Stability Of Industry Level Climate Coalitions: A Computational Framework for Environmental Governance In Maritime Shipping
Emissions from the global maritime sector currently account for about 3% of global greenhouse gas emissions and are projected to increase by 150–250% in 2050 under business-as-usual scenarios with a tripling of world trade. (Bouman et al., 2017, p. 413)
To try to address these issues, on January 1, 2020, the International Maritime Organisation (IMO) implemented new regulations for a 0.5% global sulphur cap for marine fuels.
Under the new global cap, ships will have to use marine fuels with a sulphur content of no more than 0.5% (against the previous limit of 3.50%) to reduce sulphur oxide emissions. The Emission Control Areas (ECAs) will remain at the 2015 standard of 0.1% content.
Current mitigation policies include switching to the 0.5% low sulphur fuel oil (LSFO) or the non-petroleum fuel such as LNG or installing exhaust gas cleaning systems (scrubbers) (IMO 2020 Sulphur Regulations, 2020).
No enforcement policy is in place, rely on trust and voluntary participation
This document outlines the simulation analysis from the theoretical framework developed in my thesis.
- How can we design and analyze the emissions dynamics that exist between slow steaming and free-riding incentives, into an applicable game-theoretical framework?
- How do we solve for an optimal emissions abatement path as a non-cooperative game among heterogeneous agents with different cost structures?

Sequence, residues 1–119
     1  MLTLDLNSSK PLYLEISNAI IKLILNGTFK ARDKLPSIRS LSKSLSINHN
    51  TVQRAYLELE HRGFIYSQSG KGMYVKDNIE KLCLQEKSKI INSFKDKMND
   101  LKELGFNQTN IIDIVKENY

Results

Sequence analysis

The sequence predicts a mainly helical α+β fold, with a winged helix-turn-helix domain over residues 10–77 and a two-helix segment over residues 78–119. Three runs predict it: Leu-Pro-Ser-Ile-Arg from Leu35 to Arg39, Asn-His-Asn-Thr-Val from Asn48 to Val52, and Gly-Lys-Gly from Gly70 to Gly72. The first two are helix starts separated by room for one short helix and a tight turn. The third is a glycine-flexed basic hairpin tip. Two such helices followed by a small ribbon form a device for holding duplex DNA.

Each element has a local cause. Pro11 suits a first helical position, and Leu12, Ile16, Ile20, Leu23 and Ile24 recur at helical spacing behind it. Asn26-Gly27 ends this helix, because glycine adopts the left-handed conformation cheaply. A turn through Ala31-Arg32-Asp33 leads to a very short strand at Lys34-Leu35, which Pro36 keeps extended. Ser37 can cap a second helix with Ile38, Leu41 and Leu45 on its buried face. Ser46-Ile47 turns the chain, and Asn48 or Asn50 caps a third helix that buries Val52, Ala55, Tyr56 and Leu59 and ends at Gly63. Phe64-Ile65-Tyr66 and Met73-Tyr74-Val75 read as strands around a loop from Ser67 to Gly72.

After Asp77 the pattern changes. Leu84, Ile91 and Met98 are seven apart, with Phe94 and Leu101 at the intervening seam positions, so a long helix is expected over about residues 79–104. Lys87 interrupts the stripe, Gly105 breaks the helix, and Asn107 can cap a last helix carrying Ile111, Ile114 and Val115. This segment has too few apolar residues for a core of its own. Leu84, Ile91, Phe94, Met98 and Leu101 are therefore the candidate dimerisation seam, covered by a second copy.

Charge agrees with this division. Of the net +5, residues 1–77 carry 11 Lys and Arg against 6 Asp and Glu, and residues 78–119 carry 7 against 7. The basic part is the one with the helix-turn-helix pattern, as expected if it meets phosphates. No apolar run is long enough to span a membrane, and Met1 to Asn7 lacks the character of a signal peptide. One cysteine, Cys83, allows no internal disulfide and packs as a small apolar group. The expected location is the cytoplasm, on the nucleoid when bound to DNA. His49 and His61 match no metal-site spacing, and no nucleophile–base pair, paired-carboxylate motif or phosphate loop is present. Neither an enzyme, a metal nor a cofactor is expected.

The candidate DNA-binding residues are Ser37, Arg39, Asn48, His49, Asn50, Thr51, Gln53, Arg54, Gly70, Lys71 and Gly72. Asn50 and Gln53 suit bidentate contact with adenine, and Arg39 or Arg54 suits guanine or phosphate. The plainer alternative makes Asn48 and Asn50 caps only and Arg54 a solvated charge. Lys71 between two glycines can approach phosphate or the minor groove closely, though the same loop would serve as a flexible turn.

- Are there stable coalitions that occur in the absence of enforcement policies?
- Does the design of taxation policy influence incentive structures as well as the stability of industry level emissions coalitions?
Run hundreds of simulations, varying key assumptions and key parameter to investigate how a subset of shipping companies might individually or collectively react to the IMO policy within a game of emissions standards
Understand the derivers of environmental governance stability with heterogenous agents.
Understand relationships between market share, fleet size, age, cargo type, etc. on an individual firm’s incentive for environmental compliance.
Identify how cartels might emerge based on abatement strategies costs and benefits
Investigate basic incentive structures of firm-level strategic behavior and identify conditions under which abatement efforts are offset by other free-riding agents.
compute whether the industry’s simulated emission levels will more often fall below or surpass the predefined cap.
Investigate which firms form a stable international cartel by simulating different structures and determining which agents are most crucial to its sustainability.
Depending on market factors including demand elasticity, determine when and whether some agents might choose to avoid the policy, by passing the burden of any penalty to the shipper (consumer). Further, this assumes financial penalties can be imposed by Port State Control (PSC) authorities if an agent is caught.